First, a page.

The Hook Up

Chopper valley

The event James Bull and his friends wanted to attend didn’t exist – so they made it a reality! Now, The Hook Up is going from strength to strength

Words: Jeremy Pick

Photos: James A Grant

The Hook Up show started in 2015 when James Bull and his friends decided that south Wales was missing a decent chopper show.

Now, five years later, it draws some 500 people to enjoy a laid-back event that has joined the ranks of great UK chopper shows, from The Trip Out to the Assembly Show.

“The Hook Up takes the roots of an old-school chopper rally and brings it up to date,” explains James. “It began when me and a couple of mates decided we needed a show closer to home, rather than travelling hundreds of miles to have a good time. So we created the show right here in Usk, and made the good times happen in our own back garden.”

The site for The Hook Up is an old farmyard, where the barns and surrounding fields on a Welsh hillside provide the ideal venue for what James originally had in mind. The event continues to develop – year one drew 20 to 30 people, and now almost 500 turn up to enjoy the chopper show, trade stands, ride-out through the magnificent Brecon Beacons, bands, burnouts and lots of Brains ale. This year there was even a boxing match.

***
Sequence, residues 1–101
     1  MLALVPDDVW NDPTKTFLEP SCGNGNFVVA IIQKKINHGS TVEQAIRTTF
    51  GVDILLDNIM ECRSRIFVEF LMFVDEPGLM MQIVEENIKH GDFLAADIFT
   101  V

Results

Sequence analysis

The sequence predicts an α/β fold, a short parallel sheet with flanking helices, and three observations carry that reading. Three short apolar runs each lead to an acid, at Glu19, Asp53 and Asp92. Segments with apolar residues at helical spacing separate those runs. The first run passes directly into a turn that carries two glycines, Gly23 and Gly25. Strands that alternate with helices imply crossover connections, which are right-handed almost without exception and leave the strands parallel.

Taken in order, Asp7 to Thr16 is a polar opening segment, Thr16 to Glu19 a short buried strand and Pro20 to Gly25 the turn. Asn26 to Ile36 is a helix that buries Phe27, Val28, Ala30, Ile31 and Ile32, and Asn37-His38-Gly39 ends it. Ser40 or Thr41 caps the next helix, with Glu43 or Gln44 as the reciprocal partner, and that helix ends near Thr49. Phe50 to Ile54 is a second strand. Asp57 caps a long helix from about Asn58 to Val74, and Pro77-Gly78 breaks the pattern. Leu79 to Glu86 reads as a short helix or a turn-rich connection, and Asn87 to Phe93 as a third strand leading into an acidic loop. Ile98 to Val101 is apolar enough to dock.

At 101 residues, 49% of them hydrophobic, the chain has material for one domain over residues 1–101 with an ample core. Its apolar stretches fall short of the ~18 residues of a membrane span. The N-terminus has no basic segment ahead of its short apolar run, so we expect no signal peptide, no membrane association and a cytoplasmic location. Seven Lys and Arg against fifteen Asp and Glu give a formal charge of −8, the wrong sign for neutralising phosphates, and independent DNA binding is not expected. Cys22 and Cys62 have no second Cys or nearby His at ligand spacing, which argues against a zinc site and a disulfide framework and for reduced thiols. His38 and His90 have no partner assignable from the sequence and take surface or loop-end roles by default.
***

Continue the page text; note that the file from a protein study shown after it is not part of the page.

“The best moments for me are watching other people enjoying themselves,” says James. “The show isn’t put on just for me to have a good time; it’s put on so that everyone attending can enjoy themselves and bring the old-school chopper feeling back.”

Chopper shows are hot right now and The Hook Up is drawing sponsors from Sailor Jerry rum to rock-and-roll jewellery makers The Great Frog. But James is adamant the event will always retain its small-show feel and its roots as an intimate event for a select audience.

“I have some new ideas up my sleeve to make sure the event keeps getting better and better – there’s nothing worse than going to the same show year-on-year that has the same stuff going on,” he says. “Despite our success, 500 people is going to be the maximum capacity for this venue; if it gets too big it will lose the ‘feel’ of a small show, where people are talking to other people they may have seen before, but never spoken to. But you’ll have to wait until 2020 to find out what we have in mind!”